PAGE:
Consider the case of WeWork, a coworking company founded in 2010 that tried to do an IPO in 2019 at a valuation of aprox. USD$47bn. According to Forbes, if we compare WeWork to Regus (IWG), WeWork has approximately 45mm square feet vs 57mm square feet by Regus. The first generates sales of USD$1.8bn against Regus’ USD$2.8bn; and WeWork reports an operating profit of -USD$1.7bn vs USD$177mm from, its counterpart. IWG’s estimated value was just USD$3.7bn against WeWork’s disproportionate USD$47bn estimated valuation. Somehow, WeWork’s capital raising led the entrepreneur and SoftBank-led investors to generate a disproportionate valuation. The result was the cancellation of the IPO and a new estimated valuation of USD$2.9bn.
“Einstein was right about relativity, but even he would have had a difficult time applying relative valuation in today’s stock markets.”- Aswath Damodaran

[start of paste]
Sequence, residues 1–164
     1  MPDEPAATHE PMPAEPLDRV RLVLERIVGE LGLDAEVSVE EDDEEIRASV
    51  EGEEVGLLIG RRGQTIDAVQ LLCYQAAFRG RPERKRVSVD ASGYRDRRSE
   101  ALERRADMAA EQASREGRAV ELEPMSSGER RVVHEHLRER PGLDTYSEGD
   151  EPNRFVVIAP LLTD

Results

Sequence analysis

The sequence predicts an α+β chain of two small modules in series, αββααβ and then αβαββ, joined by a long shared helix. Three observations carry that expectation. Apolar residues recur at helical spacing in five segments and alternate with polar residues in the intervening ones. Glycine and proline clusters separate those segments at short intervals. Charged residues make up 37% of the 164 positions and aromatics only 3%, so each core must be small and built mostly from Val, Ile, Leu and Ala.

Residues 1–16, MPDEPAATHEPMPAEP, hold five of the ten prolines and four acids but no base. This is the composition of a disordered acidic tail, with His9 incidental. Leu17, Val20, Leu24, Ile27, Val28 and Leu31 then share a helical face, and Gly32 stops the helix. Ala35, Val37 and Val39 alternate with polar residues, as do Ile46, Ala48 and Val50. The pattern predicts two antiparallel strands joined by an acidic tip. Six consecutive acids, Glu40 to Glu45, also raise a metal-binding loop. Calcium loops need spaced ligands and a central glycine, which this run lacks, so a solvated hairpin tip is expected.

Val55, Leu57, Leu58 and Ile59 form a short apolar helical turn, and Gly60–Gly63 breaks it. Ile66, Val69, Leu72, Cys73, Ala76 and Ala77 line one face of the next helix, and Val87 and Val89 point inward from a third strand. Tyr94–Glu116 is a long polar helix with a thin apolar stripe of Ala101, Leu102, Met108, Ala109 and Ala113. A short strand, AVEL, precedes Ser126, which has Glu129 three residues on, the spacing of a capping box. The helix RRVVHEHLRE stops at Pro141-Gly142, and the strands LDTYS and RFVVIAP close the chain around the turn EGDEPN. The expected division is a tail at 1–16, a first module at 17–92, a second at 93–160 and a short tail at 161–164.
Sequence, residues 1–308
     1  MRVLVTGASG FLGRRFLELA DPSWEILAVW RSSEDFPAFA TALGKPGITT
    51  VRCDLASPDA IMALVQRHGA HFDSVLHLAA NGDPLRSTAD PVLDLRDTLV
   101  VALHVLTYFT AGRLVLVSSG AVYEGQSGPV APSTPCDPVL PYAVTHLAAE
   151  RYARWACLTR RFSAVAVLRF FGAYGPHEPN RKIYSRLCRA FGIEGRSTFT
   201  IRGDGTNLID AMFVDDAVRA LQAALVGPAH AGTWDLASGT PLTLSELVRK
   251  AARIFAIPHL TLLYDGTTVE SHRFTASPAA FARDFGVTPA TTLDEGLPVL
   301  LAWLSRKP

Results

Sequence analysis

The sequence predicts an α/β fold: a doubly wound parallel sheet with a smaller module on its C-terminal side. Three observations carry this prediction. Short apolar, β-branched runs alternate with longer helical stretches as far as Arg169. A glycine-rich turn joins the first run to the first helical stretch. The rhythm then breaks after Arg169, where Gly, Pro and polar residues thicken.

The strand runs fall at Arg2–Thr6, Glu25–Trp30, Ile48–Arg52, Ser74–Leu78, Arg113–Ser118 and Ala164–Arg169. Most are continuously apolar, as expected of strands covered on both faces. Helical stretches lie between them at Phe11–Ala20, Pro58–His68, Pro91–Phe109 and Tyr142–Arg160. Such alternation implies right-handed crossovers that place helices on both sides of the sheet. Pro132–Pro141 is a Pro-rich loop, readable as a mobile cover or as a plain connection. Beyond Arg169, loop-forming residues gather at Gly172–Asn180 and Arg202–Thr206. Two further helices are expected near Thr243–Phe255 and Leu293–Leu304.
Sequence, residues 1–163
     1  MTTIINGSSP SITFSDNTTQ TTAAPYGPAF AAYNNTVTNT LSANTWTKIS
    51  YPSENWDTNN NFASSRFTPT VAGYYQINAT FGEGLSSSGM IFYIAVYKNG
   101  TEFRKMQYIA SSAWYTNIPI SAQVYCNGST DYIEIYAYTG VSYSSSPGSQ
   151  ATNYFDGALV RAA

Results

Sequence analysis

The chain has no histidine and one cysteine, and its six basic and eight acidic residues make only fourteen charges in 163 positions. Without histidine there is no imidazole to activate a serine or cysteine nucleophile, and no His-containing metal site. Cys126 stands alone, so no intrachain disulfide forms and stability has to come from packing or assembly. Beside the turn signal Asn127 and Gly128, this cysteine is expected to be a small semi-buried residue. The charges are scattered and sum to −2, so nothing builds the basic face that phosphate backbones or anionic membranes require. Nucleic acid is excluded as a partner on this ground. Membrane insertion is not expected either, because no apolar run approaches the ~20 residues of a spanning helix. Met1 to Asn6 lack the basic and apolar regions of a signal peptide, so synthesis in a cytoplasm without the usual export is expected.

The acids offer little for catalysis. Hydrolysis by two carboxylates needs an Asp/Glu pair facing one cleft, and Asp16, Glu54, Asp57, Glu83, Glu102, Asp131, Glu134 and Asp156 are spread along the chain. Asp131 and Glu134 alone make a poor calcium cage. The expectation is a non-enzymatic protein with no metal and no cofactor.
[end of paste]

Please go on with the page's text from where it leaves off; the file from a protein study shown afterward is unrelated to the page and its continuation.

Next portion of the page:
Taking into consideration the case of WeWork, entrepreneurs and investors must recognize the need for a fair valuation using the main methodologies such as:
- Trading comparables (relative valuation)
- Acquisition / M&A comparables&A (relative valuation)
- Discounted cash flow (DCF) (intrinsic valuation)
The trading comparable methodology takes public companies similar to the company to be valued, preferably in common geographies and similar business models. You have to consider operational and financial metrics. The main valuation multiples are:
-EV / EBITDA
-EV / Sales
-P / E